After several years of running that site, I grew bored of the card game and was looking to start new projects.

This is when I started to experiment with new website ideas, leading up to the creation of my next successful project, an editing company BetterEdit.com.

However, along the way I had a string of failures that I’ve never really talked about before. I am going to reveal these to you now, starting with my attempt at an MP3 music download website from back when MP3s were brand new.

Mp3now.com

In my early twenties, I registered a domain name, MP3now.com. It was meant to become an MP3 music sharing website.

At the time MP3s were really starting to take off. This is when Napster first arrived, but it was still hard to find music online, so people started sharing MP3s on websites.

To cut a long story short, my website didn’t really go anywhere.

I finished the design, opened up and launched the site, and very quickly realized I was getting into an area that had a lot of lurking legal issues.

I also didn’t really have a plan to make money besides hoping for enough traffic to profit from advertising. Although most people would just come to sites like mine to find an MP3, then quickly leave, so even the advertising strategy was flawed.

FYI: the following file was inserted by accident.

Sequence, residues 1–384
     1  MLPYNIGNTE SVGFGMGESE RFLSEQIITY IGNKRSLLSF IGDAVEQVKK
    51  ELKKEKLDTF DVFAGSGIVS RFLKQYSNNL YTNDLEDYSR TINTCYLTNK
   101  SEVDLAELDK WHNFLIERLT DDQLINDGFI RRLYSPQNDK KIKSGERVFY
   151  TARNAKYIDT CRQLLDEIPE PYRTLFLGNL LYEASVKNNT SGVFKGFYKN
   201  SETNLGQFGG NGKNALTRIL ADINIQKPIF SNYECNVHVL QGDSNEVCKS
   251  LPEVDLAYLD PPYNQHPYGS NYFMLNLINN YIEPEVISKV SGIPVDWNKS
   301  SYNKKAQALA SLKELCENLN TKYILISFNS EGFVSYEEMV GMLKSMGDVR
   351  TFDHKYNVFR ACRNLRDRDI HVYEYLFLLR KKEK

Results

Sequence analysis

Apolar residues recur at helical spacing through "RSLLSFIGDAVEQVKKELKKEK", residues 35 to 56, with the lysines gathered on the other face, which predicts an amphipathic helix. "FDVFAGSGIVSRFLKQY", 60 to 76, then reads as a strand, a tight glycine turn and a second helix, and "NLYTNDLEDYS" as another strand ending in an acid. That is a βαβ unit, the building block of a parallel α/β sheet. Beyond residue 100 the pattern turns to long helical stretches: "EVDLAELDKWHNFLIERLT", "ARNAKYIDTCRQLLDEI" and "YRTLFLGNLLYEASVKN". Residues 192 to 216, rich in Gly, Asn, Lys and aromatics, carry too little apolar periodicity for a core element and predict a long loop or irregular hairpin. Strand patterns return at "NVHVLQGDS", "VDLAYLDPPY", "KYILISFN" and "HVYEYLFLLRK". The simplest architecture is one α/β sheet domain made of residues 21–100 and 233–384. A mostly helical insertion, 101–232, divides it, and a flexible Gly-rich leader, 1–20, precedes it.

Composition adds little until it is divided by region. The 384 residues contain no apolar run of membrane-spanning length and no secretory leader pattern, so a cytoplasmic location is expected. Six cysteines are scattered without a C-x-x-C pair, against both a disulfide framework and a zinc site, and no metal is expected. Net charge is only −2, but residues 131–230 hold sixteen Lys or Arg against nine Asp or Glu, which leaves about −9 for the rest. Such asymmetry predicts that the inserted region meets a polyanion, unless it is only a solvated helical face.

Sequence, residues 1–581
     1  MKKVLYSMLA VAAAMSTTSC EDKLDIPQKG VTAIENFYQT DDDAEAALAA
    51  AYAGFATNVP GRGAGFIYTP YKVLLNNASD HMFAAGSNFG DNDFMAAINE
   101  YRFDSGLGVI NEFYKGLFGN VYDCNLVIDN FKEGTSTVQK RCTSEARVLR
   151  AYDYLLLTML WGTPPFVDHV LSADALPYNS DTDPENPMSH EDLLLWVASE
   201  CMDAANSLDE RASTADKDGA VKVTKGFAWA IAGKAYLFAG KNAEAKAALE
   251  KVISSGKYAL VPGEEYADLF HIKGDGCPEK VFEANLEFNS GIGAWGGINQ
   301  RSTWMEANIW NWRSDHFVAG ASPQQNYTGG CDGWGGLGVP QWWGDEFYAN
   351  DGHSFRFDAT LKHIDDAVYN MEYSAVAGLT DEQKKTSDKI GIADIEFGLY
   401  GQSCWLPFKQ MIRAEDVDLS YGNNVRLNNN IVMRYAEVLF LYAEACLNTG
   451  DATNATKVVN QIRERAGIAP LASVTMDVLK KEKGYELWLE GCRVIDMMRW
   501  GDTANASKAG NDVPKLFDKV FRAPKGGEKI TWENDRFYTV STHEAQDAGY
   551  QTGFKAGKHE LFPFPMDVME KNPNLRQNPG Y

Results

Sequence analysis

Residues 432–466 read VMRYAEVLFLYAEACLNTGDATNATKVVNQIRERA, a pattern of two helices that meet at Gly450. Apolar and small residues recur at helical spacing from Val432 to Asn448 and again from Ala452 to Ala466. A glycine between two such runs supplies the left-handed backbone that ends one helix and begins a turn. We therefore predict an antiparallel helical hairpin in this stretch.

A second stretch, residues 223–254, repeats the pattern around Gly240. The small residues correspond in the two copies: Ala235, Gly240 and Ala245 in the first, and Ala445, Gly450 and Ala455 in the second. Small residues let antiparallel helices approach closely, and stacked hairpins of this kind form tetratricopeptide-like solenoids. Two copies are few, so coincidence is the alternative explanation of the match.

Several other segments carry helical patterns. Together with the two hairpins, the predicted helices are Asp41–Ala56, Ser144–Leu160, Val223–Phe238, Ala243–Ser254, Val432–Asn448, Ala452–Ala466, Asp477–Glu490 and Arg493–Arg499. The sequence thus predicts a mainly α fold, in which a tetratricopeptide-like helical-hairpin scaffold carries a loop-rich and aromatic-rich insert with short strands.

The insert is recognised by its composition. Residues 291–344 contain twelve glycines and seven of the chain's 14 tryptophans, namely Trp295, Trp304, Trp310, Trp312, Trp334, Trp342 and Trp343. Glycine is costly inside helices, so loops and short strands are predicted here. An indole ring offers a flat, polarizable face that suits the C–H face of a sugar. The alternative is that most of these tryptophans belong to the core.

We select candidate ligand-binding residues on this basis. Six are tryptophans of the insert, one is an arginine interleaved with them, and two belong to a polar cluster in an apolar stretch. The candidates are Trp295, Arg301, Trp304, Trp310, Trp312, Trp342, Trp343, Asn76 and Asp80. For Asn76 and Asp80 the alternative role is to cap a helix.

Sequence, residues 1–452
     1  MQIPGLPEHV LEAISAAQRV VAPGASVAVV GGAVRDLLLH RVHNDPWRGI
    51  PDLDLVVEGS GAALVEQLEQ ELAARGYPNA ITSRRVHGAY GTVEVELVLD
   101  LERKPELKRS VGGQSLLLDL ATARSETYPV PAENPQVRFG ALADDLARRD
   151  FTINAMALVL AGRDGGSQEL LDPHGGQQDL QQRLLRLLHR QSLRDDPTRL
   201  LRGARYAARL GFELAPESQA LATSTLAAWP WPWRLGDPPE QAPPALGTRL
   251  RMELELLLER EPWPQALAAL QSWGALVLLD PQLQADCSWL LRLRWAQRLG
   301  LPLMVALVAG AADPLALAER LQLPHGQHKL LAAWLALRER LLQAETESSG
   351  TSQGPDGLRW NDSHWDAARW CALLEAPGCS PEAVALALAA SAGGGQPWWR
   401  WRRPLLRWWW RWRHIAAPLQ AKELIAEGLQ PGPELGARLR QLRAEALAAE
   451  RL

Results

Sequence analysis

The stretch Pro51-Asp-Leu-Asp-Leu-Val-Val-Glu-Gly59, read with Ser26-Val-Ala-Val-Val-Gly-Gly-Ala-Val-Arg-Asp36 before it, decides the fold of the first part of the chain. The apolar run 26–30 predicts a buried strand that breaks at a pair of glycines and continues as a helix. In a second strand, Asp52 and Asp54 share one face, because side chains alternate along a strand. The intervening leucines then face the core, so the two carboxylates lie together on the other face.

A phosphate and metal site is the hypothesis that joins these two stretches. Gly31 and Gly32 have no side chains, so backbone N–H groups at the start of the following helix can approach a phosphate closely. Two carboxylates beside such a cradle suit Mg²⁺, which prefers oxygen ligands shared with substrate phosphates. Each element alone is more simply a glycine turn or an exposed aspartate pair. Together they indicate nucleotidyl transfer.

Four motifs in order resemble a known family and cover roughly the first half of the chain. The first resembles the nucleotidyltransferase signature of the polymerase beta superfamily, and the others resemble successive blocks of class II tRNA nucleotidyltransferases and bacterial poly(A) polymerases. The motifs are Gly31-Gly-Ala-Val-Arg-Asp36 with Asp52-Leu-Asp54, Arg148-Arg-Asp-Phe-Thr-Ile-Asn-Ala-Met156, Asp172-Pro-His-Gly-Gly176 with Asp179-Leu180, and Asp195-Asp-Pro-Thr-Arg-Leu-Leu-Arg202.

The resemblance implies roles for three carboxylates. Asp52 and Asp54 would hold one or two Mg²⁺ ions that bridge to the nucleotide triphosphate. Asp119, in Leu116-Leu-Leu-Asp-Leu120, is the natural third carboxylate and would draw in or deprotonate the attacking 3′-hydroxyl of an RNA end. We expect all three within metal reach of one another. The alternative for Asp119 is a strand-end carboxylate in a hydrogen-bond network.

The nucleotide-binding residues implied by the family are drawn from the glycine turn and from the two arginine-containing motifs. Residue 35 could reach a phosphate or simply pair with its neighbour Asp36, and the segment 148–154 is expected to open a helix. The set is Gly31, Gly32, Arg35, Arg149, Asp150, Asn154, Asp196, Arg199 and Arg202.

The key lesson I want to share with you from this experience is the legal aspect.

Why make your life harder by starting businesses where you could succeed, but because you succeed you get shut down due to legal trouble? I’ve seen a number of friends focus on business ideas that as soon as they started to make money, were hit with legal troubles and were forced to close.

This is exactly what would have happened with my MP3 site. As soon as it attracted enough attention that I could have built a business around it, I would face the same legal challenges as all those other music download sites did back in that era of the Internet.